GENEVA — Pakistan is preparing to make a significant investment to expand its largest port in an effort to establish itself as a regional transport hub for factories producing goods in central Asia and western China.

Prime Minister Shaukat Aziz told reporters here last week that the Pakistani government plans to boost the country’s transport infrastructure to address the growing needs of the 160 million-population country and to take advantage of its favorable location. The Pakistani economy is growing between 6 percent and 8 percent annually, said Aziz, and expanding the country’s role in global trade is seen as a key to keep momentum rolling.

In pursuit of this goal, Aziz said the port of Karachi — the country’s largest — will announce “the construction of a deepwater container terminal, one of the deepest in the region, which would serve mother vessels and large container vessels, which are emerging on the international scene.”

The Pakistani official pointed out that the country’s ports, such as Karachi, are within about 1,200 miles of factories in central Asia and western China, closer than ports on China’s eastern coast.

Aziz, a former top Wall Street banker, said there is “no restriction” for foreign direct investment in the country.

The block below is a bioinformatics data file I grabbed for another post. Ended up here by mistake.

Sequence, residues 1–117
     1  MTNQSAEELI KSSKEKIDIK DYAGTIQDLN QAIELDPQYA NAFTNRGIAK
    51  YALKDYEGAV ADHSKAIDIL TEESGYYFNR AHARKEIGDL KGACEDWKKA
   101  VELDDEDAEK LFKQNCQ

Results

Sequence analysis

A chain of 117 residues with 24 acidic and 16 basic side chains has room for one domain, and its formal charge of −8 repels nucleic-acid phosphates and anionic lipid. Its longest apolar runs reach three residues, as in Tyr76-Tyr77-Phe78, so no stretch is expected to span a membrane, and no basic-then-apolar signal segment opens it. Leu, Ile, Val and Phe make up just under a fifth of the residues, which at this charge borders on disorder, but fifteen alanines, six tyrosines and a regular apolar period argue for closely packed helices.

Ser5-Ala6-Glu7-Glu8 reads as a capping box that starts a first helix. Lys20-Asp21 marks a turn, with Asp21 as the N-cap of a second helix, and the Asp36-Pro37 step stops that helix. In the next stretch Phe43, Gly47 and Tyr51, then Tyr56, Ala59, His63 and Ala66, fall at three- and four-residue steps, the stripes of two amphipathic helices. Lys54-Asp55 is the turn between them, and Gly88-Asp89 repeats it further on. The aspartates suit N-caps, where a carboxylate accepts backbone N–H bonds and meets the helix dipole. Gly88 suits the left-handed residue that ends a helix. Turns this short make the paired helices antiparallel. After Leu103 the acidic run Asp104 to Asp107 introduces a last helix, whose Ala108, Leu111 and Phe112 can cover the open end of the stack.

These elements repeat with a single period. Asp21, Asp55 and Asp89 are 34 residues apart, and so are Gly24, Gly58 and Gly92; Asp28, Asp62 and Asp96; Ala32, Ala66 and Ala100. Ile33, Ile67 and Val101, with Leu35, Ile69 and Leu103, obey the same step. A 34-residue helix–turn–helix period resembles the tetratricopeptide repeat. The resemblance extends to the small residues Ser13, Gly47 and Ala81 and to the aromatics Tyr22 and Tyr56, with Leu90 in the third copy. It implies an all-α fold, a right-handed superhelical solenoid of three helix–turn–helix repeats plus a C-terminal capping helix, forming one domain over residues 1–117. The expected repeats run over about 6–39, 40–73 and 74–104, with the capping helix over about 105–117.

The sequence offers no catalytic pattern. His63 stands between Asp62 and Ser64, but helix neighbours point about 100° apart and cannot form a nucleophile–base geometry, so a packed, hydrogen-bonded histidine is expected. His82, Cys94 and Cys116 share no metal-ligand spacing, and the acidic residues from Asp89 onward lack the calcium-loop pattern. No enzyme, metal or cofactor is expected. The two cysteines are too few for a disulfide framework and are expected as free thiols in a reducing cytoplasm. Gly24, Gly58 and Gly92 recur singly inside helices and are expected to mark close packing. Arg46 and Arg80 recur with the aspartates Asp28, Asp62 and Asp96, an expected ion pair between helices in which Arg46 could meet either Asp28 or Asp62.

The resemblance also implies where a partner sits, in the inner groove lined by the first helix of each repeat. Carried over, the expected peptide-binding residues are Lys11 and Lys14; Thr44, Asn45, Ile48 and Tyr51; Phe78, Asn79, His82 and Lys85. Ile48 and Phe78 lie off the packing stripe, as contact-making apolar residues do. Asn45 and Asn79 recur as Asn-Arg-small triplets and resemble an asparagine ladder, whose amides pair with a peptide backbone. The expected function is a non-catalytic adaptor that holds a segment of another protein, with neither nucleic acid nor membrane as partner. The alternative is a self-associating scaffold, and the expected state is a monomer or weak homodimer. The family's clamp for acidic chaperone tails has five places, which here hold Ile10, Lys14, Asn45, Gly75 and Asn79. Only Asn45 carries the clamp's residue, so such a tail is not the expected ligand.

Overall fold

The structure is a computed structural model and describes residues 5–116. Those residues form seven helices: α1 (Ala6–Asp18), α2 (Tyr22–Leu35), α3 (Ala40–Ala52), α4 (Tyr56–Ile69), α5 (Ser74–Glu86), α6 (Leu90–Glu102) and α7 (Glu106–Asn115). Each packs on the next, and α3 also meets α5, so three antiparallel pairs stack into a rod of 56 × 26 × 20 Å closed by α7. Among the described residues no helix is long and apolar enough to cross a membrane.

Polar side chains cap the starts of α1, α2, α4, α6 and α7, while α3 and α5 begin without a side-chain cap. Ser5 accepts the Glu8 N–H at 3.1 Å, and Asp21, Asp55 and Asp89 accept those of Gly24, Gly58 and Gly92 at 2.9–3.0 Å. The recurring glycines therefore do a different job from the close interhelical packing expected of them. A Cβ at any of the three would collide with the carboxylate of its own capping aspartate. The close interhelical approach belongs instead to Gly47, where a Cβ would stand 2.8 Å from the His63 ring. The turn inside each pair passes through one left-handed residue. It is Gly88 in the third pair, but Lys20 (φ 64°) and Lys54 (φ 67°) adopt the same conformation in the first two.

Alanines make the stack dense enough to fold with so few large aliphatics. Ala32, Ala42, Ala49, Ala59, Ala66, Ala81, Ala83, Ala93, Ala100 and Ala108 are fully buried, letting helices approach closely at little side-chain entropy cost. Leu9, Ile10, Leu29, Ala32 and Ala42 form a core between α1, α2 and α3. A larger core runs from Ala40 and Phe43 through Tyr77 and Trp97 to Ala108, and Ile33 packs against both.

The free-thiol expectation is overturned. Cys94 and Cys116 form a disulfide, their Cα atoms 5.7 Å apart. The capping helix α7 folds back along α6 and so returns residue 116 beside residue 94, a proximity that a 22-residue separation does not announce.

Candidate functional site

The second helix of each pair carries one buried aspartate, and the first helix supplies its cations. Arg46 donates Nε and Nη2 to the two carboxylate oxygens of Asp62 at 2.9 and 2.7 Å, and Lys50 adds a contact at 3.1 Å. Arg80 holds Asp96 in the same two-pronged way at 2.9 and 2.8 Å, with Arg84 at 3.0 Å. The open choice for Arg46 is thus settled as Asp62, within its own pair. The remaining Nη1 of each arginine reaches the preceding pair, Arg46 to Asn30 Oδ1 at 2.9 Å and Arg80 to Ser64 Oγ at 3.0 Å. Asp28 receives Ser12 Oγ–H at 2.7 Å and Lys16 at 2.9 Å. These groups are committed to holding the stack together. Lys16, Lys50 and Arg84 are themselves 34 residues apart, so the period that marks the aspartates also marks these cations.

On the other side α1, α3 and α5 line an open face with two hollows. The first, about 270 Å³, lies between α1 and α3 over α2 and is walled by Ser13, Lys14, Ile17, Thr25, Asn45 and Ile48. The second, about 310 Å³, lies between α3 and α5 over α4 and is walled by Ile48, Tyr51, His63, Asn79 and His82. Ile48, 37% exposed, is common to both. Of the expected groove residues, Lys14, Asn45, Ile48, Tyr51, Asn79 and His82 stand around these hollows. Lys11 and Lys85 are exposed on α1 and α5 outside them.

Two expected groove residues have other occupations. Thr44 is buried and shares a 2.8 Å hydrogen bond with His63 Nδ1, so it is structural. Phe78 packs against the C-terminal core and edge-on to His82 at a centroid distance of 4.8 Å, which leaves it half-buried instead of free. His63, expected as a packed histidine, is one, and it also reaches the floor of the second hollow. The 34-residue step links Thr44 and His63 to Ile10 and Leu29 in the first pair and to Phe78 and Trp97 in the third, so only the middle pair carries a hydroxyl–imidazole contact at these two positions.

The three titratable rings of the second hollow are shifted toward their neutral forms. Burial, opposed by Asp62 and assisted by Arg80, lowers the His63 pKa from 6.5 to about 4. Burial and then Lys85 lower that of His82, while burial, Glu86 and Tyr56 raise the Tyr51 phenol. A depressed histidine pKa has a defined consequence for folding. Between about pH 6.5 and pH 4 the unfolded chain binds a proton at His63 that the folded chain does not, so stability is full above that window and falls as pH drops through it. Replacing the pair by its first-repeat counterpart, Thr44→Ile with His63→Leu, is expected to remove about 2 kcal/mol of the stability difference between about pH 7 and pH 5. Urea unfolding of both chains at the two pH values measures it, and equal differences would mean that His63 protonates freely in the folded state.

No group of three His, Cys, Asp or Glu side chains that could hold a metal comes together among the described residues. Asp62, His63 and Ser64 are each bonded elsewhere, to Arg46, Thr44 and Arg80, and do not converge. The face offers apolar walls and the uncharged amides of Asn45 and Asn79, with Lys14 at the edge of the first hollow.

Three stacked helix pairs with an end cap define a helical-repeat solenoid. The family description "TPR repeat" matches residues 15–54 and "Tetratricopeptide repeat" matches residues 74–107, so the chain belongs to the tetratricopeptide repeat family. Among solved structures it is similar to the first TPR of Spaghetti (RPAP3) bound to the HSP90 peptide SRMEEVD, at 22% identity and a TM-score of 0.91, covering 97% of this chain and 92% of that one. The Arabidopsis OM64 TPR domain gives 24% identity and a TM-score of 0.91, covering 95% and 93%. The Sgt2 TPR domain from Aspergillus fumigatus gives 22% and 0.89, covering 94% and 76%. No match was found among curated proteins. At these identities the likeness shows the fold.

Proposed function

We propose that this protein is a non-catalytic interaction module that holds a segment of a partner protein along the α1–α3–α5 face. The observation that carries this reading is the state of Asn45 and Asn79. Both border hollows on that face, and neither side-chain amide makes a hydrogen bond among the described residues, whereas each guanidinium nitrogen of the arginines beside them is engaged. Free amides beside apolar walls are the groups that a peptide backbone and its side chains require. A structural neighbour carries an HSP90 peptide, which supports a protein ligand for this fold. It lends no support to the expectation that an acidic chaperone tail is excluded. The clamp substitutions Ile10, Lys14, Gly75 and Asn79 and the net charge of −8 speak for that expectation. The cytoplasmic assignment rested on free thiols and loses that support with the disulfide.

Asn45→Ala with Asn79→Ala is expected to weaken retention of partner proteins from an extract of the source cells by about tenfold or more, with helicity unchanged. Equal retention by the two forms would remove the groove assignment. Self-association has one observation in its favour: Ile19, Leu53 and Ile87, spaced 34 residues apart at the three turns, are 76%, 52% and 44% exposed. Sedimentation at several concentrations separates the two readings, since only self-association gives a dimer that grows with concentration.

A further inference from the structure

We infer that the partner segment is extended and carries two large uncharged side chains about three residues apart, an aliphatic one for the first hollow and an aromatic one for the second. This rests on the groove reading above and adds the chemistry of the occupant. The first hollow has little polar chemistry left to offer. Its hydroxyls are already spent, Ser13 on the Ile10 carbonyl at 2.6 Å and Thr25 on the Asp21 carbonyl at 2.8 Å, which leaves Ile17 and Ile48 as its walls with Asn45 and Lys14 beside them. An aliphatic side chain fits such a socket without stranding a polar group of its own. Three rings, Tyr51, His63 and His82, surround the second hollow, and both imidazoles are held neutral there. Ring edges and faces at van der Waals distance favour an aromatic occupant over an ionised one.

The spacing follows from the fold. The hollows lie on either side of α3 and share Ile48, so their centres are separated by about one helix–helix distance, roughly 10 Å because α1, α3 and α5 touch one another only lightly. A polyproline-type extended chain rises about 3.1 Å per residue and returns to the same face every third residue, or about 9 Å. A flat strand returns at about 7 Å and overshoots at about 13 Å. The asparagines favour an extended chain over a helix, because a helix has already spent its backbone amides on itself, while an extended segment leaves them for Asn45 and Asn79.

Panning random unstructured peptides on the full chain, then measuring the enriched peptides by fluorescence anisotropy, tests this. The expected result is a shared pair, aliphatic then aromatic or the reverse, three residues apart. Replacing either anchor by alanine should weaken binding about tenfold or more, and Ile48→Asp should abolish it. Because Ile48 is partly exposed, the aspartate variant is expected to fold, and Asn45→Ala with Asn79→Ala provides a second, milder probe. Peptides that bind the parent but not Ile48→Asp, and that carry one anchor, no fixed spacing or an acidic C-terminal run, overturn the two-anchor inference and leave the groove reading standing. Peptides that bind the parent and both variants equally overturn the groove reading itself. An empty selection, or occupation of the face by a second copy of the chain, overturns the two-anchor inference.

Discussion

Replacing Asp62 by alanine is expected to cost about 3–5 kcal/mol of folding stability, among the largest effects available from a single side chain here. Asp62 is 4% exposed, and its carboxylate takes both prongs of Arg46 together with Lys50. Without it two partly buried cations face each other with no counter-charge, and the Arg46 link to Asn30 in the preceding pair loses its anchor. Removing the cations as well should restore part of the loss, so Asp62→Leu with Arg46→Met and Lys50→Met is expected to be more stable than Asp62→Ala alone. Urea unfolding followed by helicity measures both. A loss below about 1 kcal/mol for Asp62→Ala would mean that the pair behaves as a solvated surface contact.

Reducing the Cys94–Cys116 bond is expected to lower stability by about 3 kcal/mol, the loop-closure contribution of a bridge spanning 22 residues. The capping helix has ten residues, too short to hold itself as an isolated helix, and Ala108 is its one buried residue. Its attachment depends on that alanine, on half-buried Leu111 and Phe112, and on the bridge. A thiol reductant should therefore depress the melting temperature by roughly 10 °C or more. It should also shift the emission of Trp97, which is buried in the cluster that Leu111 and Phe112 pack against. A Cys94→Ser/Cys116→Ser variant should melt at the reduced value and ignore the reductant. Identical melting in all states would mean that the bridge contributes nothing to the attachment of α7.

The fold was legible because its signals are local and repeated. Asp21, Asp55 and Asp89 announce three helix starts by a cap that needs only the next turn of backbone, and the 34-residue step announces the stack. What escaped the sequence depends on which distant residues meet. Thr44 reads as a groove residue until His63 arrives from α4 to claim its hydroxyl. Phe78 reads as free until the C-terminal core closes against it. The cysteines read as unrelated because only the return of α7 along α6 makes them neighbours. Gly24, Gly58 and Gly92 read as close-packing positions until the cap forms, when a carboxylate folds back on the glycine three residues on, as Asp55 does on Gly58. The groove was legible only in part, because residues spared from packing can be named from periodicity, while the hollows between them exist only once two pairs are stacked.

Western China, which is lagging behind the prosperous coastal areas, has been designated as a priority area for development by the Chinese leadership. Moreover, with competition intensifying for land, electricity and skilled workers in the coastal areas among more value-added industries such as electronics and auto manufacturers, many lower-end industries, such as textiles, apparel and footwear, are expected to migrate westward where both wages and overheads are lower.

From a logistics and supply point of view, it would make sense to import, export or transship goods from western China via the port of Karachi rather than Shanghai or Hong Kong, which are too far away, Chinese experts noted. But a hindrance to the rapid development of such a strategic transport corridor is the lack of capacity in Pakistan and western China to carry container cargo.

Aziz said the building of new road links and upgrading of existing ones with China and other neighboring countries enhance Pakistan’s attractiveness.

Pakistan President Pervez Musharraf recently said he asked China to assist with the upgrade of the Karakoram highway. Besides providing access to Pakistani seaports, the highway can also provide an overland route for trade between China and India, “thus linking the largest markets in Asia,” Musharraf said.

This story first appeared in the July 11, 2006 issue of WWD. Subscribe Today.

However, according to United Nations transport experts, the distance to port is not a good indicator. What is more important, they stress, is the flow of cargo, the frequency and the efficiency of connections. Some specialists believe China is likely to focus on integrating its transport systems within the country before jumping to something in Pakistan.

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